OakLeaf Medical Network Healthy Viewpoints, Winter 2003
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Siobhan Beeksma, OD

Summer Eye Care

By Siobhan Beeksma, OD

As the temperature goes up, images of summer come to mind. I like to think of sunny days at the beach, warm evenings watching baseball, and sitting on the porch waiting for the Fourth of July fireworks to begin. However, these activities pose some threat to vision if the eyes are not properly protected.

As you pull out your summer wardrobe and go looking for a pair of sunglasses, here are some things to consider. The sun emits light of all different wavelengths. The most dangerous wavelengths to the eye are the ultraviolet (UV) rays. These rays are capable of burning the cornea, a condition called photokeratitis. This can be very painful as the cornea is especially sensitive. The UV rays are also thought to be related to cataract development and age-related macular degeneration. The eyelids can be harmed when sunburned or develop skin cancer.

Here are some tips for purchasing sunglasses. Most importantly, make sure that the label says that the sunglasses will protect you from 99-100% UVA and UVB rays. These are two different forms of ultraviolet light, both of which can cause damage to the eyes. If the label does not specify both of these, the sunglasses will not provide adequate protection. Choose sunglasses that fit as close to the face as possible. Consider wrap around styles as they provide better protection. Neither the color of the lenses, nor the price of the glasses, is important. Many people prefer dark tints on the sunglasses to increase eye comfort in bright light; however, it is possible to have UV coatings even on clear lenses. Polarized lenses also may provide added comfort to people who spend time surrounded by horizontal surfaces such as roofers, truck drivers, or fishermen. This is because polarized lenses block the light rays that are reflected from these surfaces while allowing many of the direct rays to penetrate through the lens. Sunglasses alone cannot offer the full protection needed. Always wear a large brimmed hat as well.

Sunglasses are not the only eyewear needed in the summer. Many of our summer activities require additional eye protection for safety. Whether you are pruning hedges, using a weed trimmer or lawn mower, or working under a car, you should protect yourself with safety glasses. Your glasses should comply with the standards set for industrial use by the American National Standards Institute (ANSI). They should be made of a shatter-resistant polycarbonate material. Even safety lenses are not completely shatter-proof, so some common sense is needed. The polycarbonate material will also provide the needed UV protection.

For those who enjoy summer sports, eyewear is needed on the field. The US Eye Injury Registry reports that 5% of serious eye injuries in the United States are baseball related. The baseball is just the right size to put significant pressure on the bones surrounding the eye or the eyeball itself. These injuries may include: orbital fractures which damage the bone structure surrounding the eye; corneal abrasions or scratches to the eye; hyphemas or bleeding within the eye; or retinal detachment where the rods and cones pull away from the back shell of the eye. The batter is at the greatest risk for these injuries. Face guards made of polycarbonate material on batting helmets could prevent a significant number of these injuries. If you play soccer, basketball, or football you also should wear proper protective eyewear. All persons who have had LASIK refractive surgery should be especially careful to prevent eye injuries which may cause the flap created during the surgery to shift. Regardless of the sport in which you participate, look for eyewear that has been approved for sports by the American Society for Testing Materials (ASTM).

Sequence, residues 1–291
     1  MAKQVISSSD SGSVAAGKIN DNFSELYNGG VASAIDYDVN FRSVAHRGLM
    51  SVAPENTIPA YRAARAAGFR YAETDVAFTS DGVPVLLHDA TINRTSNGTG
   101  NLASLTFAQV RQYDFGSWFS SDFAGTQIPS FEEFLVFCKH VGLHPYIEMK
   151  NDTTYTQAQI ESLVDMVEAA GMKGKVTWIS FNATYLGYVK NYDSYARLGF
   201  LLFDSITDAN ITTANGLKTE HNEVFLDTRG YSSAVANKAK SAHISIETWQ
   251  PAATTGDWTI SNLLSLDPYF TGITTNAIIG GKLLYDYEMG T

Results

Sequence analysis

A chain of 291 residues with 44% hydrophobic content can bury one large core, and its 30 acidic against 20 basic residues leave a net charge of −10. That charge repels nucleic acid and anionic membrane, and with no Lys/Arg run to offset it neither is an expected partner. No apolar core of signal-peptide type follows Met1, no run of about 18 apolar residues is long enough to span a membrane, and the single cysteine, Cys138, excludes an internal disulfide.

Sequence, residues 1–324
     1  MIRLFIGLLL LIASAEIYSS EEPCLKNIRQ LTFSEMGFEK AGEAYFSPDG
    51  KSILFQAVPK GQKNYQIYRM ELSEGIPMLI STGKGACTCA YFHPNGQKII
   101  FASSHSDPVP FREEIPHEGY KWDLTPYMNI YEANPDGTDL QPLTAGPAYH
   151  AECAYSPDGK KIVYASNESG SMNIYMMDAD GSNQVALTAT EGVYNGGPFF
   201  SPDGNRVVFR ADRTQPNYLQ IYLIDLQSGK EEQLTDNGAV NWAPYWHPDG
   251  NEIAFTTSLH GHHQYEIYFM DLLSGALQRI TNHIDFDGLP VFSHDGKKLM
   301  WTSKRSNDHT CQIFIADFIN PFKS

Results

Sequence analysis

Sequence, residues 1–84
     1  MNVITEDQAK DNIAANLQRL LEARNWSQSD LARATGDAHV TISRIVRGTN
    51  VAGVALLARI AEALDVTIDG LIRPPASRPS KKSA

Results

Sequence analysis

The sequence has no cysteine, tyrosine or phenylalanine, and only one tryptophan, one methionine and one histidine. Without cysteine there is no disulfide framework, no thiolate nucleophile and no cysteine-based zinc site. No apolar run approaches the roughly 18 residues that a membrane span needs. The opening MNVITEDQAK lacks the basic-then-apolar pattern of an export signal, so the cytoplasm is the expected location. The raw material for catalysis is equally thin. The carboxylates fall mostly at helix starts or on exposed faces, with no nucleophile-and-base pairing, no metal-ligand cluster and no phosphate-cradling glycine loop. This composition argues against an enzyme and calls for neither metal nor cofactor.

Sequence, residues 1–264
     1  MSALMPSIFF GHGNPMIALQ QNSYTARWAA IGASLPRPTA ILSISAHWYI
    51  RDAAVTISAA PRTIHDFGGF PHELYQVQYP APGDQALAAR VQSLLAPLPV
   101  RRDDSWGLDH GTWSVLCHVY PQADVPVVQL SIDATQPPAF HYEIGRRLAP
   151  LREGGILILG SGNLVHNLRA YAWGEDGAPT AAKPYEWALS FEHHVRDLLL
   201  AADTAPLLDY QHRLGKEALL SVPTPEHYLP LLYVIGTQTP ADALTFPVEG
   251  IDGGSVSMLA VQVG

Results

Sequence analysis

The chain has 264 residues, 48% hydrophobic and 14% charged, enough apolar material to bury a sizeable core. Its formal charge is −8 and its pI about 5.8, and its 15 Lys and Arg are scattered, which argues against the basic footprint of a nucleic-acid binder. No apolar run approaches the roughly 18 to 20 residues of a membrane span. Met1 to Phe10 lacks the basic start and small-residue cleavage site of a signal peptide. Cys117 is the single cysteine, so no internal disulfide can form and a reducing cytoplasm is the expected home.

If you swim for sport or recreation, you should wear swimming goggles to protect yourself from waterborne bacteria and swimming pool chemicals. The same bacteria that live in pools, lakes, and hot tubs also can live in your eyes. Wearing contact lenses in the water increases the risk of an infection since they may attract the bacteria and hold them adjacent to the eye. No contact lenses are approved by the FDA for swimming. The signs that you have developed an infection are your eyes become red, painful, sensitive to light, or your vision decreases. If you experience any of these, you should call your eye care provider right away. The chemicals in the swimming pools can also irritate the eyes. If mild irritation is a problem, use artificial tears or lubricating drops to help soothe the eyes. Do not use over-the-counter medications that are intended to decrease the redness as these will just make the eyes sting. When looking for goggles, look for ones that have padding that rests on the bones surrounding the eye rather than on the soft tissue. Also look for these in polycarbonate material to protect against breakage and UV rays. Some goggles have anti-fog coating or vents to help keep the lenses clear. Others are available in a prescription if needed.

Finally, a warning regarding fireworks. Fireworks can cause serious eye injuries including blindness. Children are at especially high risk because they are naturally curious and want to look to see if the firecracker is lit. Since the firecrackers have a delayed reaction, the child may be looking right at it when it explodes. Do not use fireworks at home. Even sparklers can cause serious injury. Protect yourself and celebrate Independence Day by attending public displays of fireworks put on by trained professionals.

Summer is a good time to get outdoors and enjoy the warm weather. A little bit of caution can help keep your eyes safe and healthy not only this summer, but for the years to come.

For more information, call Chippewa Valley Eye Clinic 715.834.8471